I want to elaborate on Steve Collins comments further..As most everyone is aware, this whole thing has caused me many sleepless nights because from day one when it all blew up with Steve being officially being charged with the so-called “conflict”. the Regional Project collapsed..He is innocent of this and my words at sentencing in front of Judge O’fferrell at his sentencing were as follows.. “My son is completely innocent of these spurious charges”…Made him mad as hell..Told me we weren’t there to retry the case, but the sad truth was that with his spurious ruling that he couldn’t be able to face his accusers, namely, the members of the Board in court, all of his evidence against them and his case went right our the window..So, McKee had a Judge in his pocket and Steve had to plea no-contest..That’s why he is a fellon…He never had a chance for his day in court, so to speak.
    Now, the Board of Supervisors have done their best to hide duplicity and collusion with Cal Am in bringing about the demise of the Regional Project..Steve was merely the “black sheep” they used to accomplish the goal…Shoot, the Board even sold their ordinance to Cal Am so that they would be able to run a desal plant and that cost the rate payers a bunch…Remember???
    And after Steve was sentenced, the ADA Hulsey turned over a whole bunch of depositions, a ton of info, sworn testimony…Oh, so enlightening….We always wondered why they turned on Steve the way they did…And don’t forget the word PURGERY…Cal Am has created for itself problems of its own making, but don’t forget the Board as being tied at the hip with them..The Board in this County controls the DA’s office, the Courts, Cal Am and it looks like the CPUC.. Poor us..Just a Mom concerned for her son…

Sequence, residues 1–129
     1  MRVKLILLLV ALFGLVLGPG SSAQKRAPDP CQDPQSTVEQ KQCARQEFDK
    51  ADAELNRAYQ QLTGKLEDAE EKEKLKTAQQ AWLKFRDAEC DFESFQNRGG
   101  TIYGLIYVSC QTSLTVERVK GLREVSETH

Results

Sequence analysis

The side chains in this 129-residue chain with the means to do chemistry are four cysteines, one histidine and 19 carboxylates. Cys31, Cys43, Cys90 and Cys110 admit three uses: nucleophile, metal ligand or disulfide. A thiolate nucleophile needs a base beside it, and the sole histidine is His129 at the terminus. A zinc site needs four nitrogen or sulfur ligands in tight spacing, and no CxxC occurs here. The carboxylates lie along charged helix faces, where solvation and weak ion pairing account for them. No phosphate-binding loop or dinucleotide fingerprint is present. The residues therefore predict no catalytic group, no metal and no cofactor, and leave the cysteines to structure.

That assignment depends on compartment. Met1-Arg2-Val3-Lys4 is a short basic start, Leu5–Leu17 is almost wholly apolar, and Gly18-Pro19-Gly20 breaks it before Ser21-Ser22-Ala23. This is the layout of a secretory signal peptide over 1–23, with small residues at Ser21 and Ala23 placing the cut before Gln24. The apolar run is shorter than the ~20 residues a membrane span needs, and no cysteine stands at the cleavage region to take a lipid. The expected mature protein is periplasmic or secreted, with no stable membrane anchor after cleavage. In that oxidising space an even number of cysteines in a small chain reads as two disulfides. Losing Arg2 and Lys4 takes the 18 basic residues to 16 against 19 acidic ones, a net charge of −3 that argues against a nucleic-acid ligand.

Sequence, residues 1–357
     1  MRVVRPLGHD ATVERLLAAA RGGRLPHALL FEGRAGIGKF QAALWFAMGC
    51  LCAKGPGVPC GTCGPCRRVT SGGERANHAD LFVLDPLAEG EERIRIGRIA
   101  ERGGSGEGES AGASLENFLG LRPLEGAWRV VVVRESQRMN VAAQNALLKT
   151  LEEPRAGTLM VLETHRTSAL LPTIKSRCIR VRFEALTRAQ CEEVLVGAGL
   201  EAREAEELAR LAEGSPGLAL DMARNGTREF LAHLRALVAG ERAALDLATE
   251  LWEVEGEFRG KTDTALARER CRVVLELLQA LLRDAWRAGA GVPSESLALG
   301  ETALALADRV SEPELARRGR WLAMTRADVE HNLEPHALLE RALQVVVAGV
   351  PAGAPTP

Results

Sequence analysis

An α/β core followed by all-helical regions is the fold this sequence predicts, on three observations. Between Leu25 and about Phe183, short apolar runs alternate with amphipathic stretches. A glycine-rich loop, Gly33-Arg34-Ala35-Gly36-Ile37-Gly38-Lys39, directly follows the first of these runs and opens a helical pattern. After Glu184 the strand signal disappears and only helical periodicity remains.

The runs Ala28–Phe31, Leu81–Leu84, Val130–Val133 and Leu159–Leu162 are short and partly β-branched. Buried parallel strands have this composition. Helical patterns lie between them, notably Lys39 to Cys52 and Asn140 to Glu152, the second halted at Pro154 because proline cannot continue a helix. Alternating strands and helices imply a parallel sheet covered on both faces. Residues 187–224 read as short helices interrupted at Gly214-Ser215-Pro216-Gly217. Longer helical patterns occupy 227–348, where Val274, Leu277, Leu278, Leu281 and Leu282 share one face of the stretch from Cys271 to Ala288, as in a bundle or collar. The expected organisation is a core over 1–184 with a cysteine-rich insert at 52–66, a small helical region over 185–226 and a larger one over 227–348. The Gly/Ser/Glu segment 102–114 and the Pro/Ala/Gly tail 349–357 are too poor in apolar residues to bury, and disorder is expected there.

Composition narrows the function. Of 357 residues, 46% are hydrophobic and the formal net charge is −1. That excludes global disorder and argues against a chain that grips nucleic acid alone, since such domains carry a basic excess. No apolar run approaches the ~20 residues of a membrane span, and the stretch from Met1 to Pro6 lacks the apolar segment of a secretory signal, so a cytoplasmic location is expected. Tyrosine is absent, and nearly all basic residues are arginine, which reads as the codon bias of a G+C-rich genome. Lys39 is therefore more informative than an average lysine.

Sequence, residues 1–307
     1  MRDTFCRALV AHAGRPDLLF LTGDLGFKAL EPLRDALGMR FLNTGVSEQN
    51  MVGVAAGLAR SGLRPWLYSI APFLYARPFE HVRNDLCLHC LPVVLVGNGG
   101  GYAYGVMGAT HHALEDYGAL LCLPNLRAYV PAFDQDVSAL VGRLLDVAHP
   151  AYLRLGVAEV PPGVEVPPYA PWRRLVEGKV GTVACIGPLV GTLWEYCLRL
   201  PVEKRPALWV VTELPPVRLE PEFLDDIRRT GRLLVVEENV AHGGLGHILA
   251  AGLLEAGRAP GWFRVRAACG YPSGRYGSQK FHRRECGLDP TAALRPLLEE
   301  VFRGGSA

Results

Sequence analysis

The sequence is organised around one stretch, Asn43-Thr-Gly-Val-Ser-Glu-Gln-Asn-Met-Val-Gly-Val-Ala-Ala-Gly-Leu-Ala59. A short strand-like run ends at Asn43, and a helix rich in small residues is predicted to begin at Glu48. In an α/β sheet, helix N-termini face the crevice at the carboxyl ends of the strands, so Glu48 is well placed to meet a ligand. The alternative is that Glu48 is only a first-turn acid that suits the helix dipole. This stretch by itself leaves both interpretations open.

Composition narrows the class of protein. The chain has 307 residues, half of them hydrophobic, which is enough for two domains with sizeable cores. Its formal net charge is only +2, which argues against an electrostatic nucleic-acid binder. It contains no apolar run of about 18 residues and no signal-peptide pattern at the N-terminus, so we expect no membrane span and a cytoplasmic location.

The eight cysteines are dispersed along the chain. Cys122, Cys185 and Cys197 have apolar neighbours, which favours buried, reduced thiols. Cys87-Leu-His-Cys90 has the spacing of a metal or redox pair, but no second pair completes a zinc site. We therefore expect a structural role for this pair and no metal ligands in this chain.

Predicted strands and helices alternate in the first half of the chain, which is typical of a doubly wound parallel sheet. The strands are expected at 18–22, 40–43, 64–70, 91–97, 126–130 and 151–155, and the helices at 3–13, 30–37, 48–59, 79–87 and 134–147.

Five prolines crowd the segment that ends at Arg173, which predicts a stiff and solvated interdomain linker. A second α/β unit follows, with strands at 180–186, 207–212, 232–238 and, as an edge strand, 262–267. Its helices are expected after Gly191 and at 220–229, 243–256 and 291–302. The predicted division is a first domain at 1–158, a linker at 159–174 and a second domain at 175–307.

• Stephen Collins July 11, 2015, 8:51 pm

      Thanks, Mom, you say it clearly only the way you can. I will never stop fighting these conspiratorial, purjurous bastards until they are brought to justice, for my family. The day I sit in San Jose as the Federal Grand Jury asks certain people questions, Karma will truly be a bitch. It is inconceivable for many readers of this Blog that this type of activity could take place, it is unfortunate for County Government that these criminals exist.

  • Jean July 11, 2015, 6:46 pm

    Karma is no bitch.
    She is the Angel of Cosmological Accounting.

  • bill leone July 12, 2015, 9:35 am

    A few months ago I was asked to readjust my tinfoil hat after commenting: I thought of
    Cal Am as a criminal organization, & the PUC, as well as other Cal Am supporters, to
    be accomplices. As the relevant facts work themselves toward yet Another Grand Jury
    investigation of local politics, I will repeat my Mantra to anyone who is willing to read or
    “First they ignore you, then they laugh at you, then they call you crazy, then they fight
    you, then you win.” Paraphrasing Mahatma Gandhi.

    • Stephen Collins July 12, 2015, 11:03 am

      Bill, thank you for the Ghandi qoute.

  • Janet Collins July 12, 2015, 12:06 pm

    One last comment regarding this latest law suit filed by Cal Am and MCWRA…What a subterfuge..The Water Agency is nothing more than the Board of Supervisors and only an ADVISORY board…I served on it a number of years myself, before Steve was appointed before I became a Councilmember to the City Of Salinas…Why didn’t they file on behalf of themselves and their buddies Cal Am…And one more thing before I get off my soap box, they spent million on legal fees in the prosecution of Steve, millions on the Regional Project that the BOS is responsible for sending down the tubes, and only them in order for Cal Am to have a project and all with Federal funds and Tax payers dollars…your dollars folks…As Judge O’fferrell so astutely pointed out, not a penny came out of their pockets….Just yours when you pay your taxes and the ratepayers for Cal Am…. Oh, what a tangled web we weave when first we practice to deceive….